3 Rat Netsuke

This is a three rat netsuke which depicts a figure of three white rats. It is placed on a wooden surface.
This three rat netsuke is a part of the Eldon House collection. Image courtesy of Jason Plant

Country of Origin: Japan
Year: ca. 1890s
Materials: Ivory 

The three-rat netsuke was collected by the Harris Family on their travels to Japan in 1897. Netsuke were part of a traditional kimono. As kimono’s had no pockets, it was necessary to attach a purse or pouch, called a sagemono. Sagemono were often attached by beaded cords (ojime) and the netsuke was used as a toggle.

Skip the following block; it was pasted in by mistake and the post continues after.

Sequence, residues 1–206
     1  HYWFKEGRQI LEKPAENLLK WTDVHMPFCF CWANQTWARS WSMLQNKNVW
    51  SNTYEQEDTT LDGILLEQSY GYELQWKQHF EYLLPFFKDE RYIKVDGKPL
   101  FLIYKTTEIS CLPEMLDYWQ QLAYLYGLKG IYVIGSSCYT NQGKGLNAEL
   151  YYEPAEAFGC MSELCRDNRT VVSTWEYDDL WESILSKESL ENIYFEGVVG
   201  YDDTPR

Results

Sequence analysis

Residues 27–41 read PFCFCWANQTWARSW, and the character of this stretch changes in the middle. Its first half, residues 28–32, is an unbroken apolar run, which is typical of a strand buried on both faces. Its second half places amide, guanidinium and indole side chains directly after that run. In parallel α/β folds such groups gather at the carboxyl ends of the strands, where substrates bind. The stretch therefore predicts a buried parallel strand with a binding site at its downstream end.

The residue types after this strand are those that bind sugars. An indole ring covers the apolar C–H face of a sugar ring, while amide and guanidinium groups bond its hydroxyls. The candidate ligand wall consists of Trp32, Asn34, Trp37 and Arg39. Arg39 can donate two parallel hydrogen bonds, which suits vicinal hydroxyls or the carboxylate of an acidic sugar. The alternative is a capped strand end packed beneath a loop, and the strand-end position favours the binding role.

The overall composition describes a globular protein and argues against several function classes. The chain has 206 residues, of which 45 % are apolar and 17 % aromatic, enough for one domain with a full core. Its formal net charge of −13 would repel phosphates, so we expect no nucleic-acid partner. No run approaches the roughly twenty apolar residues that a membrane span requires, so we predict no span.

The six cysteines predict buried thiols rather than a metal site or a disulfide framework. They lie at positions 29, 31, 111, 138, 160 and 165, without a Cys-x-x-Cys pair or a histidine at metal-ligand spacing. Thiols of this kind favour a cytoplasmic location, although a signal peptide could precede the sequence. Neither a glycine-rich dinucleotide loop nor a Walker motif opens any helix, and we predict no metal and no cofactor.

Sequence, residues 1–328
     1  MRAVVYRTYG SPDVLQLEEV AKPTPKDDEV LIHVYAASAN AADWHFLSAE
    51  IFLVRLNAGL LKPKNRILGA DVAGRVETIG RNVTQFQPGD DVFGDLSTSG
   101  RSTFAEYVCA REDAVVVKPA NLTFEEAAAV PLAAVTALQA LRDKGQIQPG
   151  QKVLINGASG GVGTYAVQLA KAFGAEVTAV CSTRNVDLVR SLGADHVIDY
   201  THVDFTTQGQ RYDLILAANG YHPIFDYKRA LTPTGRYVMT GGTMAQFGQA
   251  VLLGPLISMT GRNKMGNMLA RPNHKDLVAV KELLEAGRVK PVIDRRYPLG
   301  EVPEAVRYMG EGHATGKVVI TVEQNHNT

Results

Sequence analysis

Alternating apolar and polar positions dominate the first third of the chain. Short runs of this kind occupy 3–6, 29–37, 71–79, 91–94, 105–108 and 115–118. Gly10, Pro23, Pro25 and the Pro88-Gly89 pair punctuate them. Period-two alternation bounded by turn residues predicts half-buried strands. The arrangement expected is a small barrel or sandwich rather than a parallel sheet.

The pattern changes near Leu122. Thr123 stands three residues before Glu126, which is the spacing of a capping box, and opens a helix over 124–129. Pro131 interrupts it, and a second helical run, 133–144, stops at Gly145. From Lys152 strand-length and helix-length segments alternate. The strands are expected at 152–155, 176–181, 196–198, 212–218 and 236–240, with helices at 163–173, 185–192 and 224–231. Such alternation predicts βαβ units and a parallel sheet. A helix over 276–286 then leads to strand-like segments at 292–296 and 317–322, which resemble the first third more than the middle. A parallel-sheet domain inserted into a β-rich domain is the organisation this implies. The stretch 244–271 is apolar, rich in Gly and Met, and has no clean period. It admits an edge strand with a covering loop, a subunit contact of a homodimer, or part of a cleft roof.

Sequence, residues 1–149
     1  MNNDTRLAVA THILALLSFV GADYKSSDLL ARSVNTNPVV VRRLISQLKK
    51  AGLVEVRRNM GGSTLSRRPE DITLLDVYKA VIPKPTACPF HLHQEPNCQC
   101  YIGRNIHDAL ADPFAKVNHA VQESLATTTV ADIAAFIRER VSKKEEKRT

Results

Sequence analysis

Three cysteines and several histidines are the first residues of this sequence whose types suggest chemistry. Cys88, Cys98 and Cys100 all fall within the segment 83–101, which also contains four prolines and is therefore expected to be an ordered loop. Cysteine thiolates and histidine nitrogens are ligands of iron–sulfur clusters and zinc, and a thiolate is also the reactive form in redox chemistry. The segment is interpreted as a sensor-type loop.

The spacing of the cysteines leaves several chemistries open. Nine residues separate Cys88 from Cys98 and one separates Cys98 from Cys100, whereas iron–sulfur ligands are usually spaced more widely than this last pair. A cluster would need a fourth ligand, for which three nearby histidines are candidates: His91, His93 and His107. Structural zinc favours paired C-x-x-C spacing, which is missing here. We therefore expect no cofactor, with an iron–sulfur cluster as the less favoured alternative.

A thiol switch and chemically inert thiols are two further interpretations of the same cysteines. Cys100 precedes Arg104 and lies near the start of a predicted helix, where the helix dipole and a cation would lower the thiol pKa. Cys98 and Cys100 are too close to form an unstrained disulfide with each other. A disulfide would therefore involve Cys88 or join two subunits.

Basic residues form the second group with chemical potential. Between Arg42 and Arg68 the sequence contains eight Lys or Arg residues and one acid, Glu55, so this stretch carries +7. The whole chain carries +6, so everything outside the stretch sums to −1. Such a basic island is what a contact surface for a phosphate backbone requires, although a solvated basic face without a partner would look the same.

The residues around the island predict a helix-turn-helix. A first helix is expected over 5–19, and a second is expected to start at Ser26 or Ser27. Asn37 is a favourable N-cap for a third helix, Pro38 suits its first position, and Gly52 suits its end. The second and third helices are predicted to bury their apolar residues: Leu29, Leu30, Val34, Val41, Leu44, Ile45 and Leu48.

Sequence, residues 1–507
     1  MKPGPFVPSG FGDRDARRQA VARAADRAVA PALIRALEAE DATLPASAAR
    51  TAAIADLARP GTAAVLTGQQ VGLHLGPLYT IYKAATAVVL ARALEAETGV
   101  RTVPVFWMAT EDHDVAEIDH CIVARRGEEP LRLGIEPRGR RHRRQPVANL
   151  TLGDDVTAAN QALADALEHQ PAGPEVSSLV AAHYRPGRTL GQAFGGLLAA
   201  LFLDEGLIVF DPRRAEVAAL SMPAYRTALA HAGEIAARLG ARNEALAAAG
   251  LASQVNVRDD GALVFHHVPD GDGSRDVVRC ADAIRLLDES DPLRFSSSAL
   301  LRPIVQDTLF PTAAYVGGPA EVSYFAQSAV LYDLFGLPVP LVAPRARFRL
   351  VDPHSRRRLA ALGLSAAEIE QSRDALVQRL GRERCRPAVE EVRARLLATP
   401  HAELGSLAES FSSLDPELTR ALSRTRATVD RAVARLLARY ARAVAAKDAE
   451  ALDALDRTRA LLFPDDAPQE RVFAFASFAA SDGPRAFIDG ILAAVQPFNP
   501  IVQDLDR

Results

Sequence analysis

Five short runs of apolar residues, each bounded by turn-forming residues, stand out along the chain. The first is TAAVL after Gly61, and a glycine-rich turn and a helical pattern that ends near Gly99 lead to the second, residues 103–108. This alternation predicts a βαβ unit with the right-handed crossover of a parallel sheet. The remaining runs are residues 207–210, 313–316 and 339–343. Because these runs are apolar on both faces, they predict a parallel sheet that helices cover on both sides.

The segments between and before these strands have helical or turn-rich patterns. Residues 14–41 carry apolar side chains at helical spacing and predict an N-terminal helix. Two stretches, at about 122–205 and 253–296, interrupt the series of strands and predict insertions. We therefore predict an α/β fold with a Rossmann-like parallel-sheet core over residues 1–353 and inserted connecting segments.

Netsuke were often very intricate designs reflecting Japanese flora and fauna, or mythology. Pieces were usual made of ivory, lacquer, previous metal or stones, and shell. The three-rat netsuke is an excellent example of craftsmanship needed to carve attractive and sturdy pieces. It was made ivory during the Meiji Era (1868-1912).